- The Washington Times - Thursday, February 8, 2001

In the small city of Evansville, Ind., people who live on the same street for several years usually get to know each other pretty well. But 47-year-old Robert Pickett, who has lived most of his life on Tyler Avenue, is a mystery to most of his neighbors.

Yesterday, hours after the tax accountant from Evansville made national news when he fired shots from a handgun outside the White House, neighbors back home reacted with words like: "The name sounds familiar" or "I never met him."

They described him as a "private person" who lives alone, dresses "normally," and keeps his residence meticulously neat.

Mr. Pickett's personal life, however, is somewhat messier.

He dropped out of the U.S. Military Academy at West Point in the 1970s, was fired from the Internal Revenue Service in the 1980s and lived at a Baltimore halfway house for mental patients in the 1990s. He has attempted suicide once before.

Just last week, Mr. Pickett sent an angry letter to the IRS commissioner, with a copy to President Bush, contending his life was destroyed by the U.S. government, the Cincinnati Enquirer reported in today's editions.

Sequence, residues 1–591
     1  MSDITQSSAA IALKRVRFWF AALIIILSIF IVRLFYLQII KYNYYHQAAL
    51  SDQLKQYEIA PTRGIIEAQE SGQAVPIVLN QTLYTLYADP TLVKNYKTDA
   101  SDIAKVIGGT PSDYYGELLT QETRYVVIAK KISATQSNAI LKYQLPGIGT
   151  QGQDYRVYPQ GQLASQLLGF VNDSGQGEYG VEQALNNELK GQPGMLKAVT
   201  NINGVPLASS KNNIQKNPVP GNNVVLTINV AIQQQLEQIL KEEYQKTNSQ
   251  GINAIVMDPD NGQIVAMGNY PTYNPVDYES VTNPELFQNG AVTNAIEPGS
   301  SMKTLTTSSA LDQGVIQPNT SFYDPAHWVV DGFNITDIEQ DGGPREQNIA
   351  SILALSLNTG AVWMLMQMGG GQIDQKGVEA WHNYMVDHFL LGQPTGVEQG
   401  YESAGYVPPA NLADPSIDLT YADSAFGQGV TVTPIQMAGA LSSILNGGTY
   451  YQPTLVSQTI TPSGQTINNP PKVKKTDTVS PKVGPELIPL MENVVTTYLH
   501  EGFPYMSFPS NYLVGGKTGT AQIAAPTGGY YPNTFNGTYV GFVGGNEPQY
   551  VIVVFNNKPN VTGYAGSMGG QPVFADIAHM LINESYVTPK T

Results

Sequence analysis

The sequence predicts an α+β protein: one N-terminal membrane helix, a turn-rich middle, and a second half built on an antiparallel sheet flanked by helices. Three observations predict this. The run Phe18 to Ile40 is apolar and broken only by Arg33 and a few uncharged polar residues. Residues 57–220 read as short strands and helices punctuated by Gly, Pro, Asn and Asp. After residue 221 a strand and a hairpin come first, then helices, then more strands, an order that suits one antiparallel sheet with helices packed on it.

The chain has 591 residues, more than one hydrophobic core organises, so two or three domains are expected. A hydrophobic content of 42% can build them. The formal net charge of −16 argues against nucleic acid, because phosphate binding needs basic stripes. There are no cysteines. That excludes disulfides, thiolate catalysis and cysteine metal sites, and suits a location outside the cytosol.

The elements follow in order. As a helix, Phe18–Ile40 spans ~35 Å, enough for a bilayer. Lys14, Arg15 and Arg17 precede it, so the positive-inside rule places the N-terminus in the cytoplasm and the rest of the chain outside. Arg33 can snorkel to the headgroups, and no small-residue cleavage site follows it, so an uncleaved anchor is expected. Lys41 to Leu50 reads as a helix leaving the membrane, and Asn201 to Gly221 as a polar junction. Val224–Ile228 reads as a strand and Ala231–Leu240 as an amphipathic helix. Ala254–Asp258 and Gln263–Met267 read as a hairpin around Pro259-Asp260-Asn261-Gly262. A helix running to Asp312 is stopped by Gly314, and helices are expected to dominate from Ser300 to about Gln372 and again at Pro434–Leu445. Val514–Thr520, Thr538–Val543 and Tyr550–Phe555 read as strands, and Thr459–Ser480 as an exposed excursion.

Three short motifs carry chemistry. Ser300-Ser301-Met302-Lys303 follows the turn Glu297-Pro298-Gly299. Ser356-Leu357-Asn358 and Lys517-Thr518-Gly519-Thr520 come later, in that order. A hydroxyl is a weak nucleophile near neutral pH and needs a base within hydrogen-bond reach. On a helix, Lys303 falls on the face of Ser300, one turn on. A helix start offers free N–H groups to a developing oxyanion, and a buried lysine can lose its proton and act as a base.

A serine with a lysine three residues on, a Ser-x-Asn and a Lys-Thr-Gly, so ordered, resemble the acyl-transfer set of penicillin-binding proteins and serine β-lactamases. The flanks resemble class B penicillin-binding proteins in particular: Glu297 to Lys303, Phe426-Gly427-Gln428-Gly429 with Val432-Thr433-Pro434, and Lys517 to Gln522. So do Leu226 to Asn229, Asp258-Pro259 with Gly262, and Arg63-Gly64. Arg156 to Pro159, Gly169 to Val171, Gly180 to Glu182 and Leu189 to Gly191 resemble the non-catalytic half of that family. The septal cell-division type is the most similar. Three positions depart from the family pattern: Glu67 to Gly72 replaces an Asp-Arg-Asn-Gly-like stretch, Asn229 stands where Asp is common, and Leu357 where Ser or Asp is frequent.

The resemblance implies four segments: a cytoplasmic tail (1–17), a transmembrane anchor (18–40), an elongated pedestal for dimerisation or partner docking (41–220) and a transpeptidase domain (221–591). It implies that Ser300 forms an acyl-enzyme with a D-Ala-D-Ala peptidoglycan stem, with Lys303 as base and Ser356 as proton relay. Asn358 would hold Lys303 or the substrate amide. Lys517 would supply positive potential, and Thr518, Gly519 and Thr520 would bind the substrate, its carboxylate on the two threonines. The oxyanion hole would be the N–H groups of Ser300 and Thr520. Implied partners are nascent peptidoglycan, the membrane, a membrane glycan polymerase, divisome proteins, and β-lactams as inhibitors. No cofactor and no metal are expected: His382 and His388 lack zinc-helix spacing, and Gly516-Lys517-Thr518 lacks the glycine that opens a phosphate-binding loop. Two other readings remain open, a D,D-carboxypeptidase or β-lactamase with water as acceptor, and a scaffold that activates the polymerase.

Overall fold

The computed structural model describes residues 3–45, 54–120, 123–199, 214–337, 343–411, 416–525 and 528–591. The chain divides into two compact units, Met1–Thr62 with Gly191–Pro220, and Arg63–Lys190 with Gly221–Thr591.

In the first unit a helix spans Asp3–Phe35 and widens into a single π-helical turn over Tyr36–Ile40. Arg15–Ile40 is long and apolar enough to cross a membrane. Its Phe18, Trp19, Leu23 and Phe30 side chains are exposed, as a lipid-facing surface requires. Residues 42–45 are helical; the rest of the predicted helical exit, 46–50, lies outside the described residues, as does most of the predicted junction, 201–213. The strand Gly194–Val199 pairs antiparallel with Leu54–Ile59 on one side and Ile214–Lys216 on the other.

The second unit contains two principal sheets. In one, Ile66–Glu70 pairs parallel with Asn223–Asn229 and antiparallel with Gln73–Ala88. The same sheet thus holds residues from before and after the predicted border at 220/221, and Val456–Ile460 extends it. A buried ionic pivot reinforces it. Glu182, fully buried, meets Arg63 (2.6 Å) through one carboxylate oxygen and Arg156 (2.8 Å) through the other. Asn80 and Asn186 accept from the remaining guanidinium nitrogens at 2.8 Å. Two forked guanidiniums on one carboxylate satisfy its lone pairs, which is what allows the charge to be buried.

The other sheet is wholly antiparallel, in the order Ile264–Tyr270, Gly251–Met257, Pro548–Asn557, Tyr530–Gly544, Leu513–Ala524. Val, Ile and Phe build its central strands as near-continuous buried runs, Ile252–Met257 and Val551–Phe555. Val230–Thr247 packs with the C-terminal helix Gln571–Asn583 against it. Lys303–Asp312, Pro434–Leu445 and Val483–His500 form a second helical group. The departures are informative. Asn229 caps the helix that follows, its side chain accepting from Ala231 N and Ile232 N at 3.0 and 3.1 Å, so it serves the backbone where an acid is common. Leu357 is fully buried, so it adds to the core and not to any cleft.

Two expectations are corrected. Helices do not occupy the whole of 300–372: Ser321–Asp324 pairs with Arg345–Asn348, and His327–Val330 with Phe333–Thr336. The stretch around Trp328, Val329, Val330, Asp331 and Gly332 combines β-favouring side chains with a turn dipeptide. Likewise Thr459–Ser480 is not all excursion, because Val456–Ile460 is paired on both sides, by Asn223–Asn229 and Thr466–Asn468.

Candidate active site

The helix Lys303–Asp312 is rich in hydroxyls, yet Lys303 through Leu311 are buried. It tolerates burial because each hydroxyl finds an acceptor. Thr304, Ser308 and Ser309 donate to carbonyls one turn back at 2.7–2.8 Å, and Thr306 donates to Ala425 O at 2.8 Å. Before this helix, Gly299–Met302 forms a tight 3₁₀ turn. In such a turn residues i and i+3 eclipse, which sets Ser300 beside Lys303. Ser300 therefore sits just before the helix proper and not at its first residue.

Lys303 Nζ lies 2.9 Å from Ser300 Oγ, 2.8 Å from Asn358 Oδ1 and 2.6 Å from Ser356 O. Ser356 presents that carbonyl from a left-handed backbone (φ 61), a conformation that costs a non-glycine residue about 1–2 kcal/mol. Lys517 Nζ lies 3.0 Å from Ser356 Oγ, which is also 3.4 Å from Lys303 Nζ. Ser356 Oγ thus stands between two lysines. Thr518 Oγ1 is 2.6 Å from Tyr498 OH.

"I would rather not continue with life," he wrote in the letter, a copy of which was also sent to the U.S. attorney general and the Enquirer. "My death is on your hands… . I have been a victim of corrupt government."

The letter also said the IRS commissioner was guilty of murder. "Your predecessors made decisions which killed an innocent man," he wrote, apparently referring to himself.

The letter, postmarked Feb. 2, was signed "With great contempt, Robert W. Pickett."

No one in his neighborhood contacted by The Washington Times claimed to know Mr. Pickett personally. Yet he has lived, on and off, at the address for at least three decades and graduated from nearby Harrison High School.

"I have lived here for 13 years, and I never once saw him," said George Morgan, who lives two houses away from Mr. Pickett's two-story brick house at 319 Tyler Ave., a quiet neighborhood in a city of about 120,000 people.

"It is the sort of place where you roll out the sidewalks in the morning and roll them back up in the evening," Mr. Morgan said.

Mr. Pickett worked as an accountant at Greg Bachert Co. in Evansville.

Yesterday, Betty Perry, who works across the hall from Mr. Pickett at Court Appointed Special Advocates for Children, said he was "a stereotypical accountant."

She said she sometimes spoke with him in the hallway and described him as "really shy." She said he never participated in discussions about family and politics.

"This is a building where we have some real good political discussions. He would never have any part of it and would just laugh and walk off," she said. "But he was never a problem in the building."

She also said Mr. Pickett would sometimes go missing for a while, only to turn up days later. This time, he had been missing for a week, she said.

Carl Garrett, a janitor at the Greg Bachert Co., said there were no pictures of family members in Mr. Pickett's office and that "he made up his own hours" at work.

"He always seemed like a real nice guy. He just did things different from other people," Mr. Garrett said.